Skye Townsend dishes on MTV’s ‘Pretty Stoned’ and dad’s career from ‘Cooley High’ to ‘Hollywood Shuffle’

Hear our full chat on my podcast “Beyond the Fame with Jason Fraley.”

WTOP's Jason Fraley chats with Skye Townsend (Part 1)

We’ve seen plenty of male stoner comedies, from Chris Tucker in “Friday” (1995) to Dave Chappelle in “Half Baked” (1998), so it’s time to put some cannabis cracks in that glass ceiling with women smoking weed.

Skye Townsend stars in the new MTV comedy flick “Pretty Stoned” premiering this Wednesday at 8 p.m.

“It basically follows two girls that work together that do not like each other at all and they’re forced to combine forces when they lose $20,000 worth of weed,” Townsend told WTOP. “It’s a really silly stoner comedy, it’s all female-led and it’s just a really spectacular cast. We had so much fun making it, so we hope people have fun watching it … I’m excited for people to watch and decompress and not take themselves too seriously.”

Townsend plays the role of Leila, a new-age hippie who is the middle (wo)man in an Atlanta drug operation. She laughed when asked whether she pulled from personal experience to do some Mary-Jane method acting.

“I am innocent angel, I have never seen marijuana in my life,” Townsend said. “Leila is so fun because she has so many hobbies. She is so wild … I did a lot of stunts, assisted by my amazing stuntwoman Katrina. It was a lot of fun because Leila is a girl who’s always going to make it through to the next round no matter how crazy or how high the stakes … I got to do a lot of character work and be the highest, silliest version of myself on camera.”

You can also catch her in the Emmy-winning series “A Black Lady Sketch Show” (2019-present), which just dropped Season 4 earlier this month. The show has been a comedic launchpad for an array of talent, including Robin Thede, Ashley Nicole Black, Gabrielle Dennis and of course Quinta Brunson (“Abbott Elementary”).

“That just dropped on [April] 14, so that’s now streaming on HBO and HBO Max,” Townsend said. “Then I have another short film coming out called ‘Fake it ‘Til You Make It.’ I’m just keeping busy, going back on the road on [April] 21 to shoot again, so I’m looking forward to continuously doing fun projects. I’m happy to be this busy.”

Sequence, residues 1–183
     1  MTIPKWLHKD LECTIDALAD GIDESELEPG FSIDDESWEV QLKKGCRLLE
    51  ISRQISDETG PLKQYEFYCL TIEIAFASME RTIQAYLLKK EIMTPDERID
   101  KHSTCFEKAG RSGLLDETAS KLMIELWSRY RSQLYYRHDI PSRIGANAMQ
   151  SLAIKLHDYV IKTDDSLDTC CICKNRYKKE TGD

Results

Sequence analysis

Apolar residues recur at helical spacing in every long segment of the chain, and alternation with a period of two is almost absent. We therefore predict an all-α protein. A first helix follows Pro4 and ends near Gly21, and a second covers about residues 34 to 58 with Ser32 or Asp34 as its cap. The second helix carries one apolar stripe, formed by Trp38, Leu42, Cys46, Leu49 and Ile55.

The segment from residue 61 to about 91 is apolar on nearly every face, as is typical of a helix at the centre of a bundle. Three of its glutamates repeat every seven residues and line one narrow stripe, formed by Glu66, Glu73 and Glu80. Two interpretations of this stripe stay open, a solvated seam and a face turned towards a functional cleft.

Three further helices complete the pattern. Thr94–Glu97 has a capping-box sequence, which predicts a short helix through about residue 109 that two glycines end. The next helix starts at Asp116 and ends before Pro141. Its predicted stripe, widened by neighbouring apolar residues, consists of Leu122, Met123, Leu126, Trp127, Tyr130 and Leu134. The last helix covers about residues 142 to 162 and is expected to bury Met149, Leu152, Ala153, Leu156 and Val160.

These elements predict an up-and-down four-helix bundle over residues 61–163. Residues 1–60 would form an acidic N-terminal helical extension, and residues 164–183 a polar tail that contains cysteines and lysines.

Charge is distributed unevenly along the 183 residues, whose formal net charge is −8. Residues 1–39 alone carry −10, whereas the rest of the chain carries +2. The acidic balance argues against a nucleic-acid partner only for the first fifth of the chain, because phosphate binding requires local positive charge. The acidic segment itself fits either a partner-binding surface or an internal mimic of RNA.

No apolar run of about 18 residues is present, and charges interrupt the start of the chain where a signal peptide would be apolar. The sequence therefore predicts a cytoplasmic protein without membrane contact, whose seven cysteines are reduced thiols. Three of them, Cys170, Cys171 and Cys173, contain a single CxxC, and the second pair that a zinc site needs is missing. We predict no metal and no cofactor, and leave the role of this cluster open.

Born in Santa Monica, California in 1993, Townsend learned her work ethic by watching her groundbreaking father, Robert Townsend, become a comedy force in Hollywood in the late 1980s.

“I grew up around him and his comedian friends and learned at an early age that comedians are super silly but also have a lot of depth and self awareness — just really introspective, interesting people,” Townsend said. “He always says that to be chosen to be a comedian is an honor, but it can be a heavy burden, so I was really schooled on the game from an honest perspective … he’s an O.G., he’s a pioneer, so any time I need advice, he is my first call.”

Her father got his start with an uncredited part in “Cooley High” (1975), which gave Black audiences their own “American Graffiti” (1973) in terms of a coming-of-age flick with a wall-to-wall soundtrack of Motown tunes.

“He had one line in there and it was like his biggest moment ever,” Townsend said. “When I finally saw the footage, I was like, ‘Wow, you were such a little young kid that was a dreamer.’ It’s really special to watch … he put in his 10,000 or 20,000 or 30,000 hours doing extra work and commercials and then finally get his first line. It’s inspiring to watch that if you put in the work, eventually you’ll get to go where you want to go.”

He tried out for “Saturday Night Live” but lost the gig to Eddie Murphy, then came full circle to direct the iconic standup special “Eddie Murphy Raw” (1987), the follow-up to “Eddie Murphy Delirious” (1983). “He was supposed to be on ‘SNL,’ but then they ended up being really good friends and he directed ‘Raw,'” Townsend said.

Of course, his biggest cultural impact was writing, directing and starring in the cult comedy classic “Hollywood Shuffle” (1987) about an actor limited to stereotypical roles because of his ethnicity. Co-written by Dom Irrera and Keenan Ivory-Wayans, the film influenced other satires to follow, namely Spike Lee’s “Bamboozled” (2000).

“It has really held up,” Townsend said. “It was such an intelligent piece of work. It was really silly, but what he had to say in it and just the way that it was shot, the way that he did it off of credit cards and it went to make a hit is really just insane … I think ‘Hollywood Shuffle’ was way ahead of its time. I’m really happy that he’s getting his flowers. I never mind talking about him because we never know what we mean to the industry until we’re gone.”

WTOP's Jason Fraley chats with Skye Townsend (Part 2)

Hear our full chat on my podcast “Beyond the Fame with Jason Fraley.”

Jason Fraley

Hailed by The Washington Post for “his savantlike ability to name every Best Picture winner in history," Jason Fraley began at WTOP as Morning Drive Writer in 2008, film critic in 2011 and Entertainment Editor in 2014, providing daily arts coverage on-air and online.

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